Changing initial teacher training: our starter for 10…

The latest figures published by UCAS for initial teacher training show the number of applicants down 22%, almost 10,000, compared with the same time last year. Something needs to change to prevent this crisis from worsening. Here is our 10 point plan:

  1. Make initial teacher training more financially viable for trainees.  Unless trainees are able to secure a place on a salaried route, they must pay for their training and are unable to work.  Student loans and bursaries can help, but another year of fees after undergraduate study are very often too much and there is little financial support for those who would have to give up a job and return to study. In other professions, e.g. nursing, trainees are not expected to pay.
  1. The professional skills tests are too rigorous.  If a candidate has achieved GCSE English and Maths at grade C or above, the professional skills tests appear redundant as a measure of knowledge.  However, they place additional pressure on candidates with just three attempts allowed and they are taken in an artificial environment leading to higher failure rates.  Potentially excellent teachers have been lost because they failed a test three times.
  1. A 2:2 degree classification is not valued highly enough.  Degree classification can stop applicants being selected because of the emphasis on a first and upper second. This can sometimes excludes candidates with excellent potential to teach. It doesn’t necessarily follow that great academics make great teachers, and vice-versa.
  1. Put the allocations for training places onto a three-year cycle, rather than one. This allows providers sufficient time to plan for the long-term and gives providers the confidence to invest in the right staff.
  1. There needs to be an effective mechanism to broker places between providers. In the absence of a purely market-driven system for teacher training places, providers with demand surpluses for training specialisms struggle to be matched with providers with an over-supply of spaces. Thus, the system, as well as the providers, loses out.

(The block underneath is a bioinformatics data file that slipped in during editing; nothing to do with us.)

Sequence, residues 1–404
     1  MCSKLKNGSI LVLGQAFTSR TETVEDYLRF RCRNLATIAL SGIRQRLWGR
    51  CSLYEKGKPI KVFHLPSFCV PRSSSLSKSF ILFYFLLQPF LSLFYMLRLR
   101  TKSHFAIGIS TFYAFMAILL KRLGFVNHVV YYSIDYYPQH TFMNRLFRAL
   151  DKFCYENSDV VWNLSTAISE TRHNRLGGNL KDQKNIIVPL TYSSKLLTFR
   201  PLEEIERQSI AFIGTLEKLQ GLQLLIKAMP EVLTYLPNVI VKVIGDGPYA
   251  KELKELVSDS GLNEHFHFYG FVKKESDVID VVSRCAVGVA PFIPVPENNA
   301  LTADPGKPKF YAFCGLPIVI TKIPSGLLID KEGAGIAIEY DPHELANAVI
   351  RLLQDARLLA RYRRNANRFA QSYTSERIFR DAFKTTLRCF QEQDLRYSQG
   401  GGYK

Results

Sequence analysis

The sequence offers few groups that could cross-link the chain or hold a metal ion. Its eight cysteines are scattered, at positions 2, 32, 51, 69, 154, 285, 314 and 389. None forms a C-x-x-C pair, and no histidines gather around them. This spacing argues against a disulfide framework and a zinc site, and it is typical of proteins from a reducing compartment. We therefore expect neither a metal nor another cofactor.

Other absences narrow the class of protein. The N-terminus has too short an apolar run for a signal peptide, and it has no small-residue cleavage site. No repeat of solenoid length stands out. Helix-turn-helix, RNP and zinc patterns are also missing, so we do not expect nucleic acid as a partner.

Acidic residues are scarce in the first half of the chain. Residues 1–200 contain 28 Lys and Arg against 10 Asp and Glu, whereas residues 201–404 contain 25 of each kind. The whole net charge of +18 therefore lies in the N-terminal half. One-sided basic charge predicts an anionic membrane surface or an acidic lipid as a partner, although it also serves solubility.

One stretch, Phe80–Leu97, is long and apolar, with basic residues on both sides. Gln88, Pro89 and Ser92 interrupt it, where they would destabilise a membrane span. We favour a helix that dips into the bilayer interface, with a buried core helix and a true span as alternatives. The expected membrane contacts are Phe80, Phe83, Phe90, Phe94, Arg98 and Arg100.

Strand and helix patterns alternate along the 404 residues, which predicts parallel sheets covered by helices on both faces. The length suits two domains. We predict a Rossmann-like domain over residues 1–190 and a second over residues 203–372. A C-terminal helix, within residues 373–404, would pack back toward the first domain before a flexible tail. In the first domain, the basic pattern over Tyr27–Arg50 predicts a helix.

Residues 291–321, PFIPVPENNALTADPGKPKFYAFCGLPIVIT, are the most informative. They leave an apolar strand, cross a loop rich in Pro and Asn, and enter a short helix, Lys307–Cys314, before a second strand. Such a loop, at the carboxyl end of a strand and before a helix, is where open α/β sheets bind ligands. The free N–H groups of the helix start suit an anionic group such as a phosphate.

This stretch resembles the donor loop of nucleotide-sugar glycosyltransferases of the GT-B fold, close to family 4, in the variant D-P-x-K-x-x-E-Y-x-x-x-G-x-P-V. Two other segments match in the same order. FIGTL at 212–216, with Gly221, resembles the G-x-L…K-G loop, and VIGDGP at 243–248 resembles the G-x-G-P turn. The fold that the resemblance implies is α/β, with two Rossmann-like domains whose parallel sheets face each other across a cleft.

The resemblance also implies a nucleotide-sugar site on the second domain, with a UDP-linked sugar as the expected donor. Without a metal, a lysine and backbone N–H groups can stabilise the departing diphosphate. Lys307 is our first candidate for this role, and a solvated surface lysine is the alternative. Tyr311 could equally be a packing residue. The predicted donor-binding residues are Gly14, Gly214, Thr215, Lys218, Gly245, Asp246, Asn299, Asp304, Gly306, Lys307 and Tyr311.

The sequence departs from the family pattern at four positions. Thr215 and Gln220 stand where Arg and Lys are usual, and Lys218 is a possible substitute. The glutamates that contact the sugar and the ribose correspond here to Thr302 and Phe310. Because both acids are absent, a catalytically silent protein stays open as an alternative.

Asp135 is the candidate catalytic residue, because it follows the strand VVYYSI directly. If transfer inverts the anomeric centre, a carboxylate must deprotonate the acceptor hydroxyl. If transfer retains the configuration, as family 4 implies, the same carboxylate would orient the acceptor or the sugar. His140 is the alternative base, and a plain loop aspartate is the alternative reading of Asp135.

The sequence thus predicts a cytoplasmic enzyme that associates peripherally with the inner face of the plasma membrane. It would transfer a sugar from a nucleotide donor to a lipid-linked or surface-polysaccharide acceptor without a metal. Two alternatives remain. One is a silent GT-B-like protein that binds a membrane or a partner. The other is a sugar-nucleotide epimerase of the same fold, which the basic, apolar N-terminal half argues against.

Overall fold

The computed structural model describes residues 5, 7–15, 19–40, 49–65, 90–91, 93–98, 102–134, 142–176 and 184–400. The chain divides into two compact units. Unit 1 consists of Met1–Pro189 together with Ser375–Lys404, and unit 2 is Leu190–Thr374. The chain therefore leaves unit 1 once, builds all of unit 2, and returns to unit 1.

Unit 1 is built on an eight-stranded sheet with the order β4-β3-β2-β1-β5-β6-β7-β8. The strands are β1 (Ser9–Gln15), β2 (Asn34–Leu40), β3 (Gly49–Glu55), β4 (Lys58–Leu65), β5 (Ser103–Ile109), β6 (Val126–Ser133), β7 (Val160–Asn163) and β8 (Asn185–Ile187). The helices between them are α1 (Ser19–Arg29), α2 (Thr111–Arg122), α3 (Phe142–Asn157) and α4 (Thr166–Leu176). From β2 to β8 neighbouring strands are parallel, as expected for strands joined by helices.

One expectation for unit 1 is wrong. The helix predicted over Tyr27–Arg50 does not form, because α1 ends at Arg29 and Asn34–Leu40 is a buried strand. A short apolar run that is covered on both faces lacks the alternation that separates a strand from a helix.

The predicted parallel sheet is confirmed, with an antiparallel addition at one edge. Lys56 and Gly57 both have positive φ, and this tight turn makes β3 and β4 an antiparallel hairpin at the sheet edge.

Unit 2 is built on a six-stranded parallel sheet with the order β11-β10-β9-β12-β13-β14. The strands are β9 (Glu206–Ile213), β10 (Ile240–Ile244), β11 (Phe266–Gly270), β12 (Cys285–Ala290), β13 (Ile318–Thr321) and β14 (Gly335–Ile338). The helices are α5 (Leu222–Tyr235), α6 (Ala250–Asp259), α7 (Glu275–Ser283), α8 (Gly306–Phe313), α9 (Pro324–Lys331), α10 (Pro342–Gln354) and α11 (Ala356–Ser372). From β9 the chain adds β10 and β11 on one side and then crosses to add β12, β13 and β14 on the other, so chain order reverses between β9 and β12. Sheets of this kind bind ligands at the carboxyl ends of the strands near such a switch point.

1. The routes into initial teacher training are too complicated. In our experience, often the focus of a candidate, when considering a career in teaching, is on the route into their training rather than on the motivation to train, or even on the quality of the end provider. The application process should be made simpler.
  1. There is no clear national marketing strategy for teacher training.  In the absence of a co-ordinated and effective strategy, individual providers are forced to invest their own money marketing and advertising their courses. The recent government-led marketing campaign was initiated too late to benefit the current recruitment cycle.
  1. Private providers need equality.  As initial teacher training is increasingly placed in the hands of schools, they will need support from external providers to ensure they can effectively recruit, administer, train, mentor, assess and quality assure their trainees.  Currently, student loans are capped at £6,000 for private providers and they must also pay VAT. This creates an unfair playing field for the private sector when compared with universities.
  1. Teaching needs to be perceived as an attractive long-term profession.  The burden on any teacher can be very large and trainees experience this during their training year.  Ofsted adds huge pressure and trainees see this from the start.  This overrides the vocational pleasure and reward of the job to such an extent that even very committed trainees cannot stand the strain.
  1. Bring back GTP – it was very successful.